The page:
The letter referred to in the second head-note was from Frank H. Miller, Esq., the attorney employed to draw the power signed by the life tenant, to the trustee. It was as follows:
“ AUGUSTA, GA., July 28, 1868. “MR. A. STEVENS, Pulaski House, Savannah :
“Dear Sir-Your telegram of the 27th did not reach Augusta until 7.50 last night, and I did not receive it until this morning.
“ Enclosed find such an instrument as you require. Not having access to the deed, I could not prepare the instrument as particularly as I could desire, but I think it will answer.
“I took it to Mrs. Stevens for execution, who expressed some surprise that you had not mentioned the matter to her. She, however, signed it. If you can avoid having to mort
Guilmartin & Company et al. vs. Stevens et al. gage this property, I am inclined to think it will be best not to do it.
Yours truly, (Signed)
“ FRANK H. MILLER." The remaining facts are reported in the decision.
HOOK & WEBB; John T. SEWMAKE; HENRY W. HILLIARD, for plaintiffs in error.
FRANK H. MILLER, for defendants.
WARNER, Chief Justice.
This was a bill filed by the complainants against the defendants, in which they allege that they are the cestui que trusts and remaindermen, under a certain trust deed executed by James L. Seward, on the 29th day of April, 1864, to Andrew Stevens, conveying to him, the said Andrew, certain described property therein mentioned, in trust for the benefit of complainants; that the said trustee had mortgaged said trust property to Guilmartin & Company, and to L. J. Dupree, in violation of the terms and provisions of said trust deed, which mortgages have been foreclosed and levied on the trust property. The prayer of the bill is for a perpetual injunction restraining the sale of the trust property under the mortgage fi. fas. levied thereon, for the removal of the trustee, and for such other relief as their case may require. On the trial of the case, the jury found a verdict sustaining the injunction prayed for. The defendants made a motion for a new trial on the several grounds therein set forth, which was overruled by the court, and the defendants excepted.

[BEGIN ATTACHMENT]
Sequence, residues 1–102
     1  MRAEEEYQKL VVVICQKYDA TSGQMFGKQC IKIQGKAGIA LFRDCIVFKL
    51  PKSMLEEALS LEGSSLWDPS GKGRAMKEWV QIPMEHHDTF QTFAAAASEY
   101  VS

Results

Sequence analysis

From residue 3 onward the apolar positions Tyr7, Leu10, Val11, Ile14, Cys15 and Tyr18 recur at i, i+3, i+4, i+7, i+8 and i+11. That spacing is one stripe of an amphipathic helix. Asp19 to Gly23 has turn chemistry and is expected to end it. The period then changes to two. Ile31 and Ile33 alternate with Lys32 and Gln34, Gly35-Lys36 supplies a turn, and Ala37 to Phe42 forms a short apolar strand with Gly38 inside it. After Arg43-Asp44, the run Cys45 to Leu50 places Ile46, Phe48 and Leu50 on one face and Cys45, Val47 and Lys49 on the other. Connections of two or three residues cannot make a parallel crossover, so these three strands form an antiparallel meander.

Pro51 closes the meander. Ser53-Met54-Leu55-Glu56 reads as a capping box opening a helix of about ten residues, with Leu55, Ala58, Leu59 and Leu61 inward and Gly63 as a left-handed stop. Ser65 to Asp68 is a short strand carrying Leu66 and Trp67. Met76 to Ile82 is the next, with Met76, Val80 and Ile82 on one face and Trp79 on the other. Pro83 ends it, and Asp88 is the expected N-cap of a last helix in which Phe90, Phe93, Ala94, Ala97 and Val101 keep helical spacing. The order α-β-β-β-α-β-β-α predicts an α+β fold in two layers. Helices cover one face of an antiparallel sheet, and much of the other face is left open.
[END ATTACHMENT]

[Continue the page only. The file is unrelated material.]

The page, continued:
1. The property conveyed by the trust deed was a settlement of land in Thomas county which was conveyed by Seward to Stephens, in trust “to and for the sole and separate use, benefit and behoof of Matilda C. Stevens, the wife of the said Andrew Stevens, for and during the term of her natural life, free from the debts, liabilities or contracts, of her present or any future husband, with remainder at her death to her children then in life, or who have issue also at that time, the Guilmartin & Company et al. vs. Stevens et al. issue of any deceased child, to take the parent's proportionate share. But should the said Matilda C. Stephens die without leaving any child or issue of a child alive at that time, then with remainder to the said Andrew Stevens and his heirs forever: Provided, always, that the trustee for the time being may, at any time, by deed, in which the said Matilda C. Steveus voluntarily joins, sell, mortgage, exchange, or otherwise dispose of the premises aforesaid, or any part thereof, reinvesting the proceeds in other property, real or personal, subject to the same uses and trusts herein before set forth. And also, from time to time, in a similar way, sell and convey, or otherwise dispose of, any other property held under the provisions of this «leed.” It appears from the evidence in the record that the trust property was mortgaged by Stevens to Guilmartin & Company for an advance of $3,000.00 to enable him to carry on his business as a merchant. This mortgage was executed by Stevens and his wife, he signing her name thereto under a power of attorney from her authorizing him to do so. It also appears from the evidence in the record that Stevens was indebted to Dupree the sum of $1,400 00, and that Dupree had instituted proceedings on the equity side of the court for the seizure of his goods in trade, to secure the payment thereof. To incluce Dupree to release his goods from seizure for his indebtedness to him, Stevens executed another mortgage on the trust property, which was also signed by Mrs. Stevens; and these are the two mortgages which have been foreclosed and the mortgage fi. fas. levied on the trust property which the complainants seek to enjoin. The main controlling question in this case, on the statement of facts disclosed in the record, is whether the mortgages on the trust property were made for the objects and purposes contemplated and authorized by the deed creating the trust? The trustee had the power under the trust deed to sell, mortgage, exchange, or otherwise dispose of the trust property, provided his wife, the said Matilda C., voluntarily joined him therein, for the purpose of reinvesting the proceeds in other property, subject to the same uses and trusts herein before set forth. What were Guilmartin & Company et al. vs. Stevens et al. the uses and trusts therein set forth in the trust deed? To and for the sole and separate use, benefit and behoof of Matilda C. Stevens, the wife of the said Andrew Stevens, for and during the term of ber natural life, free from the debts, liabilities or contracts of her present or any future husband, with remainder, at her death, to her children, etc. The obvious and fair legal construction of the trust deed is, that the trust property was not to be sold, mortgaged, exchanged, or otherwise disposed of with the voluntary consent of Mrs. Stevens, only for the benefit of the trust estate, and not otherwise. If there could be any doubt as to the power of the trustee to sell or mortgage the trust property for any other purpose than for the purpose of reinvesting the proceeds in other property for the use and benefit of the trust estate, that doubt is removed by the provision in the deed, “And, also, from time to time, in a similar way, sell, and convey, or otherwise dispose of, any other property held under the provisions of this deed.” One of the main objects of the trust, as declared on the face of the trust deed was, that the property conveyed therein, should be secured for the sole and separate use of Mrs. Stevens during her natural life, with remain«ler to her children after her death, free from the debts, liabilities, or contracts of her husband. The mortgagees, at the time they took their respective mortgages on the trust property, had full knowledge of the trust deed and the terms thereof. The debts which the mortgages were given to secure, were not debts created for the benefit of the trust estate, but were the individual debts of Stevens, the husband and trustee, contracted by him, to carry on his business as a merchant, which business, at the time the mortgages were taken, was not, to say the least about it, in a very safe or prosperous condition. The wife cannot bind her separate estate by any contract of suretyship, nor by any assumption of the debts of her husband: Code, section 1783. In our judgment, the mortgages on the trust property, made under the circumstances, and for the purposes, as disclosed by the evidence in the record, were not authorized by the deed cre